Second, the use of different terminology to characterize the racial prejudice of whites versus people of color is problematic, especially from a Christian perspective. Imagine if someone defined ‘adultery’ to refer a husband’s marital unfaithfulness towards his wife, but used the less pejorative term ‘cheating’ to refer to a wife’s marital unfaithfulness towards her husband. We’d recoil from this redefinition of terms, and rightly so. This asymmetric usage undermines a Christian conception of sin, which regards marital infidelity as equally sinful whether it is committed by a man or a woman. In the same way, because racism is a sin, its sinfulness does not depend on the racial characteristics of the person who commits it. While the racism of a white person towards a person of color might be more quantitatively more harmful than the reverse, it is not qualitatively more sinful.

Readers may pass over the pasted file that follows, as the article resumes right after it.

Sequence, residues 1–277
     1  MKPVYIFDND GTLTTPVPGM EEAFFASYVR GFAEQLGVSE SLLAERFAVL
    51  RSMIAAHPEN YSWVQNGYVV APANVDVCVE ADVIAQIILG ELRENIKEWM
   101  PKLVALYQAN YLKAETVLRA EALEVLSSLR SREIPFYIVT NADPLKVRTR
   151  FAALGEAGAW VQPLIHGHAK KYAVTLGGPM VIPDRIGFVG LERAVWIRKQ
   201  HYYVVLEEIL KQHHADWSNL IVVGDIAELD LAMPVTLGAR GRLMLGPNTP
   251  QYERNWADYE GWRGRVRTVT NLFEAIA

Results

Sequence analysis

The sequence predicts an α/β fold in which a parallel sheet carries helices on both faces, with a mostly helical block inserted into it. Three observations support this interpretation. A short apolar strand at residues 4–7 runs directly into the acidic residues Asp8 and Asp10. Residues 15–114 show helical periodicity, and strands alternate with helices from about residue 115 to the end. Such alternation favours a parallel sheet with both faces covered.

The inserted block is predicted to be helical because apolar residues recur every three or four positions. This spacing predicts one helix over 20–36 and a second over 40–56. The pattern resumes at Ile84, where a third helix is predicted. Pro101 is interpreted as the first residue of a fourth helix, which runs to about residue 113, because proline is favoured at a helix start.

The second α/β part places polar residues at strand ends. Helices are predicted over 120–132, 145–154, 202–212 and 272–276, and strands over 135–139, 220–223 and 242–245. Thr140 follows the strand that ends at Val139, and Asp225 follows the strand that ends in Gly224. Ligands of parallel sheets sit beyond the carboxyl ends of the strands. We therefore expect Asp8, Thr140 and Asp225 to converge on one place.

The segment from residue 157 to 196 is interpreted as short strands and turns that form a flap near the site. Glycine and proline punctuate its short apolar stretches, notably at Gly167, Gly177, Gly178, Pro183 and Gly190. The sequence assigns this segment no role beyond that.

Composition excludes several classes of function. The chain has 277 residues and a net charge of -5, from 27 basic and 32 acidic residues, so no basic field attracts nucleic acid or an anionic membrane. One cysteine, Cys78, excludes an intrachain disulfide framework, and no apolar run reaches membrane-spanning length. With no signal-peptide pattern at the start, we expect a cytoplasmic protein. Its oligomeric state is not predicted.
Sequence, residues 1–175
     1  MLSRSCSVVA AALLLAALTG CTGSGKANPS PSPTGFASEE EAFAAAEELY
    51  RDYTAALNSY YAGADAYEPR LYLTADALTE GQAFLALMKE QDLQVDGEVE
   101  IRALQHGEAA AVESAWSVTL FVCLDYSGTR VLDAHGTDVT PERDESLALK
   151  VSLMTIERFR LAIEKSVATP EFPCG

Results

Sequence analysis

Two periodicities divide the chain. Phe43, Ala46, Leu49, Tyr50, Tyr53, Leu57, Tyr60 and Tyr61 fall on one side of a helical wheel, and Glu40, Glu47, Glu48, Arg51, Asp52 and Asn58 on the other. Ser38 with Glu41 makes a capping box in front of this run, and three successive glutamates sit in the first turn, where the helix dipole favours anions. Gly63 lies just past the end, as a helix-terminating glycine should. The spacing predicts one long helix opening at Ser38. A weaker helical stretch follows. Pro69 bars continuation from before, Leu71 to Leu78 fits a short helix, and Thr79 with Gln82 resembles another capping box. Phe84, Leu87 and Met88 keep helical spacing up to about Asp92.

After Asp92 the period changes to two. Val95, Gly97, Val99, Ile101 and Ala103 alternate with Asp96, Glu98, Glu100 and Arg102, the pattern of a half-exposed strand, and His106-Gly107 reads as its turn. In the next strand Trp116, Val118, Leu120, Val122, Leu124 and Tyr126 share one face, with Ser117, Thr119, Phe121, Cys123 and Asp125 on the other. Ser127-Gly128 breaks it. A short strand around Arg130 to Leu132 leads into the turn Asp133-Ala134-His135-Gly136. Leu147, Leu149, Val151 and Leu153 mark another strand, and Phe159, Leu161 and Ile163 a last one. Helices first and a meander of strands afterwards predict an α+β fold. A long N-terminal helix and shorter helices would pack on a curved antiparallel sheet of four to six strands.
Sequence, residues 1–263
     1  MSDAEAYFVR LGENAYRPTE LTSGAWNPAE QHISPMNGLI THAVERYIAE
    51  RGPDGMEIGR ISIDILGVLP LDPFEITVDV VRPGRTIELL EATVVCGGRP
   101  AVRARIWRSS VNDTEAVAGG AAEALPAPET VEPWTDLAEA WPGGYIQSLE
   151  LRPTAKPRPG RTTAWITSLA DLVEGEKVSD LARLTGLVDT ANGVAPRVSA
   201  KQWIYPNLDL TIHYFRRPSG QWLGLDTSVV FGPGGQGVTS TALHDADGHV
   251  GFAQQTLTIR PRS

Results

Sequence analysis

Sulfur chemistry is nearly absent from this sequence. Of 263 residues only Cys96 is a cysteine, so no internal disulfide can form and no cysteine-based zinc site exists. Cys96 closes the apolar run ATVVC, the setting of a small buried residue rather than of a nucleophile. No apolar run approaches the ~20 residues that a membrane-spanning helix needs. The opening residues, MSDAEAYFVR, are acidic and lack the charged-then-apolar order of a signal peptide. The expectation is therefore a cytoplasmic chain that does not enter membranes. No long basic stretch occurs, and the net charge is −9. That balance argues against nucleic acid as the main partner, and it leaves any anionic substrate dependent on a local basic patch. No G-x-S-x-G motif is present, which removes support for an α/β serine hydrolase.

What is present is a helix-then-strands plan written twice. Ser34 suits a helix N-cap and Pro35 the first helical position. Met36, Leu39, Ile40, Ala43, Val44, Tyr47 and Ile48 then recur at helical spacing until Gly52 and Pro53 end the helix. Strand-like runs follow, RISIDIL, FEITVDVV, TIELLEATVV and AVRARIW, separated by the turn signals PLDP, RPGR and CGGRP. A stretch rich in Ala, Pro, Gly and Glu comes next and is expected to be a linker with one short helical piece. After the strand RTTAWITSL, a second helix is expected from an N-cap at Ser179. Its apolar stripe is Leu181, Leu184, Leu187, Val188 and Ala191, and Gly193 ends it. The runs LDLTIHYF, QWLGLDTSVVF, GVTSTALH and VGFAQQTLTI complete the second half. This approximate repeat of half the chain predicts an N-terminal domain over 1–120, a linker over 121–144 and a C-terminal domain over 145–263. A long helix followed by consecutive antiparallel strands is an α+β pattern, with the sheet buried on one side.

While I believe that some of observations made by antiracist educators are helpful, I do not think that their terminology with regard to ‘racism’ vs. ‘prejudice’ is something that Christians should embrace. If we want to call attention to the additional harm that prejudice can cause when wedded to institutional power, then we can do so without redefining the term ‘racism.’ Instead, we can simply refer to “prejudice plus power.” To adopt antiracist definitions of these words is to undermine the reality that it is not our racial identity or our position in society but our violation of God’s moral standard that makes racism sinful.